For seven years we have been looking closely under Europe's skirt – we saw both the glory and the shame of an old beauty. Even when plane tickets from Prague to St. Petersburg were cheap, we chose the railway sleeper car, knowing that the bedding was rarely changed there. We made love on uncomfortable seats and breathed air filled the with thoughts and desires of previous passengers. After crossing each time zone, we made toasts with warm red wine which would lose its quality after being shaken on the train for hours before. We couldn't stop. Drink dry – we would say. As long as there was wine, as long as there was us. We then gave each other the right and duty to travel separately. There was always a moment when rows became too frequent, the flat too small, and the air too thin for two pairs of deep lungs. We had a good feeling when that moment arrived. To leave home meant more than just being curious or physically restless. Choosing to be alone on the slowest means of transport or in a sterile hotel room meant detaching ourselves from the everyday reality around us. Doubting everything that was offered unreservedly – the same order of things in the flat, years of tedious jobs or looking into the same face, night after night in the same bed. Yet, in the end, coming back to old, proved values. Jaksha would lay himself open to beautiful women in Eastern Europe and I would enjoy the charm and good manners of Western men. Was it brave or weak not to succumb to lively colours of the new and exciting? For a short time, we would leave our nest to question its truthfulness under the bright lights of different experiences. We saw each other off thinking that each time it could have been the final good bye – giving each other into the arms of new lovers. But it didn't. As long as we let each other go, then welcomed one another in nights full of passionate stories and embraces, everything made perfect sense. Yet, those three trips that Jaksha took last year to Budapest didn't belong to that reality. I found out about them only accidentally, months later. I wanted to hear the whole story – how it was, whom he met, why he never said anything – but Jaksha remained silent, never looking into my eyes. He didn't want to share.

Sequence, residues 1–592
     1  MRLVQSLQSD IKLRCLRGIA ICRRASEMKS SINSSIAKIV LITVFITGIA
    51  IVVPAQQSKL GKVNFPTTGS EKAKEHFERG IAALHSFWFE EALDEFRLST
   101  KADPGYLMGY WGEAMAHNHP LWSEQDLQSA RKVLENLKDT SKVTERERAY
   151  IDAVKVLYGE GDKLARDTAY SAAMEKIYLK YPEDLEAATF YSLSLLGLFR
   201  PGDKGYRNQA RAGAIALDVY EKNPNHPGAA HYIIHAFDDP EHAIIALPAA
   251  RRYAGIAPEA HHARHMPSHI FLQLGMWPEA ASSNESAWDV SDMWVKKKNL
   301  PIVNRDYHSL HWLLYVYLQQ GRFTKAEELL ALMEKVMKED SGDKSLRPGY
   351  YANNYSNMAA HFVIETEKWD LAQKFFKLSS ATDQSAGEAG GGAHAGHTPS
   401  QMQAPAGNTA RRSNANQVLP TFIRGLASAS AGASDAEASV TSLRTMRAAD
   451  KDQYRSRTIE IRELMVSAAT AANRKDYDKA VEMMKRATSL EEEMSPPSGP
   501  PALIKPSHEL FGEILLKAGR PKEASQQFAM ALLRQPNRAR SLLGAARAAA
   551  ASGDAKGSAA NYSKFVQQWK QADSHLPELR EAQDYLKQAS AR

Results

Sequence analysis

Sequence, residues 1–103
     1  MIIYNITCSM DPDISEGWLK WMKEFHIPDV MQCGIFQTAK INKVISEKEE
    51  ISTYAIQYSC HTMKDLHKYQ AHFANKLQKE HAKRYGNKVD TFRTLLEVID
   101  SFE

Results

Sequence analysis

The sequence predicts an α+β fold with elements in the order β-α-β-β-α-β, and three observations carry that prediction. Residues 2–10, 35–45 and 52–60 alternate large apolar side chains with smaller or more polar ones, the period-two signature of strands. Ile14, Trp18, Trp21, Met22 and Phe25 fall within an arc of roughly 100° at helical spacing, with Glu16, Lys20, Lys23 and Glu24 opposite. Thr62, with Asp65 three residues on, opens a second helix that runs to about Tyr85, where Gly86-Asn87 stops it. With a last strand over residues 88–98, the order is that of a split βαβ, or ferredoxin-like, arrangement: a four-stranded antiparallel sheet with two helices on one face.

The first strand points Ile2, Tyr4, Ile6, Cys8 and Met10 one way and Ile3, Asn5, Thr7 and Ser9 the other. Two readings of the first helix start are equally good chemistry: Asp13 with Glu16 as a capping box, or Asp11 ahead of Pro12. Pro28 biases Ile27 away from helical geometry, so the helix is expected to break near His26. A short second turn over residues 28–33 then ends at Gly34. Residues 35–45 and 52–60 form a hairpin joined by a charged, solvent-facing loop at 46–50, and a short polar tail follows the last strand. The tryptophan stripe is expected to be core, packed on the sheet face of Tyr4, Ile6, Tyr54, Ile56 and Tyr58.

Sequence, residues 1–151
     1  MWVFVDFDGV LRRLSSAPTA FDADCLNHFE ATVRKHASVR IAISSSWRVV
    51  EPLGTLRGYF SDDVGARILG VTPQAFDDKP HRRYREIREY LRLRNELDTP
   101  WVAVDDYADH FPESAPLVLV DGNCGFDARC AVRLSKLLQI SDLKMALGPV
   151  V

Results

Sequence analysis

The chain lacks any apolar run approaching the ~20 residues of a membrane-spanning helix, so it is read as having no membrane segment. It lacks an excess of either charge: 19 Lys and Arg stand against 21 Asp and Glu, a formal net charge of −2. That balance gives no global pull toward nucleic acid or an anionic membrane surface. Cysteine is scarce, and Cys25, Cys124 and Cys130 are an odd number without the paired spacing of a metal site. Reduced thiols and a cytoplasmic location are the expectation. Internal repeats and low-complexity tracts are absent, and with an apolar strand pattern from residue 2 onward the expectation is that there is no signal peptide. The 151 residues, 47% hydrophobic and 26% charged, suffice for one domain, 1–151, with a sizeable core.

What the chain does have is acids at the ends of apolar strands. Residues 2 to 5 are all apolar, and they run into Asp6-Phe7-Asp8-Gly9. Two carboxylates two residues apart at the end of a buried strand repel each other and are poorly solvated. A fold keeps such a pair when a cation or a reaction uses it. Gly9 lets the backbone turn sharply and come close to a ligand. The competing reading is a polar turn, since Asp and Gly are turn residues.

I am still not convinced of the effectiveness of the remedy with which we are trying to heal our wounds. Going back to Budapest together, Jaksha assured me, would chase away the demons of the past. When the city where he took refuge in a moment of weakness loses its mysteriousness, we will be able to embrace the old belief. Travelling is nothing more than life in a higher gear. Everything we discover only justifies our previous choices. New faces we meet are there only to bring us back to the ones whose shape we carry in the memory of our fingertips. You and I, my dear, we are a myth. There can be no space for contradiction. Even when I do stupid things which hurt you, I am only guided by one idea. Jaksha packed our things in a suitcase, stapled our tickets together and decided to let go of his secrets and talk away my doubts. Nothing happened in Budapest. I kept repeating his words. Nothing but thoughts. And when it comes to thoughts, we are all sinners.